In case the point was still lost on you, Reuters wends its way back to it later in the article, for emphasis and to court further favor with the CEO set, who sit on each other's executive committees. So if you are about to write me about the free market, save yourself the effort.

In this case, the fix is in and what we see is a perversion of the free market. Wrote Reuters in Round Two of the Grand Apology: "The $40 million is in addition to about $53 million of shares Prince already owns, but Prince is receiving considerably less than the $161.5 million that Merrill Lynch's O'Neal received."

Now look. There is plenty in the package that is not technically severance, but there is enough -- including a car for five years, a driver for five years, an assistant for five years and paying the taxes on all those five-year goodies -- that the denial of a severance is too fine a point.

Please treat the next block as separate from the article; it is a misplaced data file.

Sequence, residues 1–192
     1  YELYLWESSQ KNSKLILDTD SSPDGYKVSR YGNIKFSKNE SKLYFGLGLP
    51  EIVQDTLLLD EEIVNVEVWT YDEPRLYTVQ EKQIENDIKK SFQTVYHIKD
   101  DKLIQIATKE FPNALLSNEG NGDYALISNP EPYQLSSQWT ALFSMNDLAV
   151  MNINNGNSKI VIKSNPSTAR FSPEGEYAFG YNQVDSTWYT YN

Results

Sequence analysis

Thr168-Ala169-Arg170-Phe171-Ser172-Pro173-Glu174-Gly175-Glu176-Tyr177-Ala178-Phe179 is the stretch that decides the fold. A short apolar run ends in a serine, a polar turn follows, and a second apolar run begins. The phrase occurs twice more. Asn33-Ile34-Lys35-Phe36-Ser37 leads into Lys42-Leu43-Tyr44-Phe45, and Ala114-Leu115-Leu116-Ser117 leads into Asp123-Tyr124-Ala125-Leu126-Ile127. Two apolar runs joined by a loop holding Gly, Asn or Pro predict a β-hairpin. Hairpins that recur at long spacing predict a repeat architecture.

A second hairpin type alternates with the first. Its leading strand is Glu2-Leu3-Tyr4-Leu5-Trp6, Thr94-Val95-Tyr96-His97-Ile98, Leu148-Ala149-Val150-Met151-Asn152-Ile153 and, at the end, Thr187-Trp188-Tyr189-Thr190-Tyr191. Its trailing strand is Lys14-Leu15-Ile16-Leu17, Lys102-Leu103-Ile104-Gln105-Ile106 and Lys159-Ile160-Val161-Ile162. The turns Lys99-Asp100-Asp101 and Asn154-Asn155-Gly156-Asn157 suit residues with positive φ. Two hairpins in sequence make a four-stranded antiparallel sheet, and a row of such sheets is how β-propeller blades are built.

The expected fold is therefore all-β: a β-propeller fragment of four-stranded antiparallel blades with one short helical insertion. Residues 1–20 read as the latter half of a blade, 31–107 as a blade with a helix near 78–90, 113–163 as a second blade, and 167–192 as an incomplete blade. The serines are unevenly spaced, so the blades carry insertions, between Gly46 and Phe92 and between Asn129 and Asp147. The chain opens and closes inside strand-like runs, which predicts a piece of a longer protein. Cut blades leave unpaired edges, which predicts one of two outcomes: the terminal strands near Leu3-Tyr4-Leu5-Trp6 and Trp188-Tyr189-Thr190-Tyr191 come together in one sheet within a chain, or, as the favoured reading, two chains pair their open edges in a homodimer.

Well, try to tell that to The Wall Street Journal, which ran a headline this morning this curled my hair and made me want to pull it: No Severance Pay for Prince ."

Perhaps, Chuck, the "honorable" thing to do after driving your company into a ditch is to pay your own taxes on your own company-provided driver for the next five years. What's more, he's getting a bonus for 2007, too.

Remember, folks, this is a guy who back only in July, as the credit market began to reel, rear up and show themselves that Prince now (in)famously said: "As long as them music is playing, you've got to get up and dance."

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